Facebook Graph Search is being rolled out. This could potentially become social search, and challenge Google’s dominance as a search engine. Here’s why…
This deserves a longer post… I’ll re-write it when I get a chance.
Why is Facebook’s social search potentially important?
If I remember correctly, In “Out of Control: The New Biology of Machines, Social Systems and the Economic World”, Kevin Kelly mentions that a hive of honeybees can retain information for much longer than an individual bee.
Together, people are good at remembering the important information.
Social media can be seen as an extension of our memories. We band together online to ease our minds. It’s easier.
Many of us are drowning in information, and (the amazing) Google is currently of little help as:
a) Humans use social cues and context to divine meaning. We use friends and family as extensions of our minds, containers of our memories.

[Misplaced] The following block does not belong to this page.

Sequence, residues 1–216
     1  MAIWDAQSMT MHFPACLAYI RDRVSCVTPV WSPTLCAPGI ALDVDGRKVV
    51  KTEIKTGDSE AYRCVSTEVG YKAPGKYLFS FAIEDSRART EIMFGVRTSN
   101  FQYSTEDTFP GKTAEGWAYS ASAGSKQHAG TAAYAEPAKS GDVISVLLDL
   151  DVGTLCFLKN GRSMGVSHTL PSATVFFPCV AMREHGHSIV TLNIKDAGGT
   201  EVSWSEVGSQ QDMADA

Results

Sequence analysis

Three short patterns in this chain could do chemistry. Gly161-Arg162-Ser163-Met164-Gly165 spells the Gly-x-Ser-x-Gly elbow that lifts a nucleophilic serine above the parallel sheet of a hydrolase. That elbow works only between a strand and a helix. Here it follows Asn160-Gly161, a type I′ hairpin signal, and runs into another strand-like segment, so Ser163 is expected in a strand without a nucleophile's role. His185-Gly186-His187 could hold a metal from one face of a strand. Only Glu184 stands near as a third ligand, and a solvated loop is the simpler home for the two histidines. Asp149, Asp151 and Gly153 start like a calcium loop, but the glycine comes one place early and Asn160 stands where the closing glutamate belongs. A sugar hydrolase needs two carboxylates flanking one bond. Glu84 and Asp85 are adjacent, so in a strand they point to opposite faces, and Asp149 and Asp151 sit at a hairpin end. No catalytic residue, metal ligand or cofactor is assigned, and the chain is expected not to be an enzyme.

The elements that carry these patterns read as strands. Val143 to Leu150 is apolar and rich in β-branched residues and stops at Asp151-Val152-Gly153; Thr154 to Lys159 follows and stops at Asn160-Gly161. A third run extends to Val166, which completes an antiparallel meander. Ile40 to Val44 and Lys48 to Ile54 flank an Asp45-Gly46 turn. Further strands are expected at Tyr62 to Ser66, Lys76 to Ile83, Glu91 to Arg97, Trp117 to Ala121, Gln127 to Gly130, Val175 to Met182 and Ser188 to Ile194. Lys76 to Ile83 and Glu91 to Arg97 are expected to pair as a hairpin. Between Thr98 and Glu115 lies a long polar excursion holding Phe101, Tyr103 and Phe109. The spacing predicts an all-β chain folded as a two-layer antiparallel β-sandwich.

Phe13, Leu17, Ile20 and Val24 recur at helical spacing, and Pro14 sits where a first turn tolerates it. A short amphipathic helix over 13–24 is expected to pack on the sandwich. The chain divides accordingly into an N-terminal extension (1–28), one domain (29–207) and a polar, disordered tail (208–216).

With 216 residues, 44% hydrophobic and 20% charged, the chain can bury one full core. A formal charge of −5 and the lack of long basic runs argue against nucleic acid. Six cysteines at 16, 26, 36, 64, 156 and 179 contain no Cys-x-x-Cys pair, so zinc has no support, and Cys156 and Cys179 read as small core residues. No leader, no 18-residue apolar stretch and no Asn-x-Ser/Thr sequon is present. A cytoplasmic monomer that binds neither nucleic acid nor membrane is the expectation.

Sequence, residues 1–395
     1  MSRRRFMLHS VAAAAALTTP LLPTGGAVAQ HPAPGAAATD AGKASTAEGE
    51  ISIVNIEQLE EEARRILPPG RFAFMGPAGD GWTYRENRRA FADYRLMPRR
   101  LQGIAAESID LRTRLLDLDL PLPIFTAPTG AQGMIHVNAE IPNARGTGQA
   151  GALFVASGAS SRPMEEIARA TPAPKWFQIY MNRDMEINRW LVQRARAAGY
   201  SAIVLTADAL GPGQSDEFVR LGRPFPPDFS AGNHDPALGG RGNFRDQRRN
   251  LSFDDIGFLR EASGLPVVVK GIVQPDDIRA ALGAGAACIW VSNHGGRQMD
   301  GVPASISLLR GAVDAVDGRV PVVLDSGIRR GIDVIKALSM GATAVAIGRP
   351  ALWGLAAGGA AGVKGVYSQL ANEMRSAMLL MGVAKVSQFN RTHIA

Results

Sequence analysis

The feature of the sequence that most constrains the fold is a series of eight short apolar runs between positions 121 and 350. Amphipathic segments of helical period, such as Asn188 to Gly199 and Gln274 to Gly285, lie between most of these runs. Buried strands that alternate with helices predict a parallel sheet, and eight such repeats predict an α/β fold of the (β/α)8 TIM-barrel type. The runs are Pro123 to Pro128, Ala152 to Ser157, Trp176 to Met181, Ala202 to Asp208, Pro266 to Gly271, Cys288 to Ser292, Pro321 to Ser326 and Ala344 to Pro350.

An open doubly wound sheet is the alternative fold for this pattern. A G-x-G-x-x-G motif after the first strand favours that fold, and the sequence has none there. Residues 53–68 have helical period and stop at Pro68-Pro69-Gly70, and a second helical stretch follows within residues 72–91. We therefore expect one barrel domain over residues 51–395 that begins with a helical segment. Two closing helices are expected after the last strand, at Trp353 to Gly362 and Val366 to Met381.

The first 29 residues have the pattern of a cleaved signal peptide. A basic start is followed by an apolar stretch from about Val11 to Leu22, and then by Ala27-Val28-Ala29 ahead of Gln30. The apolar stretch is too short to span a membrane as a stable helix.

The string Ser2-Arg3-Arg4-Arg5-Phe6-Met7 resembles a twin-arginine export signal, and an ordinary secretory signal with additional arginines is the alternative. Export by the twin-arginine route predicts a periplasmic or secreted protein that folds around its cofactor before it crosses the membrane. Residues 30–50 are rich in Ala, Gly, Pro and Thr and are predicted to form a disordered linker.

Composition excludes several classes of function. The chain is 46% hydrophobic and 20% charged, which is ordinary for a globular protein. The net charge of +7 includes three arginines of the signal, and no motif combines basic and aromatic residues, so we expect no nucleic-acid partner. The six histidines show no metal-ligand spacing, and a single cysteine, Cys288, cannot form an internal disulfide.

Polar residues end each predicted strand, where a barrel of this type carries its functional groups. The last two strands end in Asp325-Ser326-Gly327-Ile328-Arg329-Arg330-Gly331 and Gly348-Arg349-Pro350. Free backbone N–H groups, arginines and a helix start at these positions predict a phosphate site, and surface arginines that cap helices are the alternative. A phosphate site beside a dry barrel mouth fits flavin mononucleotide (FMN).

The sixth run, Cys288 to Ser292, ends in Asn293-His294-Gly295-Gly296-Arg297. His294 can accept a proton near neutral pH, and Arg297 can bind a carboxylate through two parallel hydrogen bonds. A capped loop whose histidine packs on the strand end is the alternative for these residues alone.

b) Google is letting itself be gamed – How a copied-and-pasted excerpt of a story can still outrank an 8,000-word original:
c) Google still hasn’t sorted out the massively complex problem of temporal bias.
“I worry about the temporal bias of the web – everything online is based around vertical chronology. The latest stuff floats at the top, and the older stuff sinks towards the bottom.”
d) By giving recent content prominence, Google is only reflecting our preferences, anyway: “availability heuristic, is the tendency to make a judgement about the frequency of an event based on how easy it is to recall similar instances.” http://en.wikipedia.org/wiki/Availability_heuristic
Google is astonishing but humans are still best, in many cases, at divining meaning from noise.
And that’s why Facebook’s social search developments could challenge today’s dominant search engines.
Image: The bookwheel, a revolving bookstand by Agostino Ramelli, 1588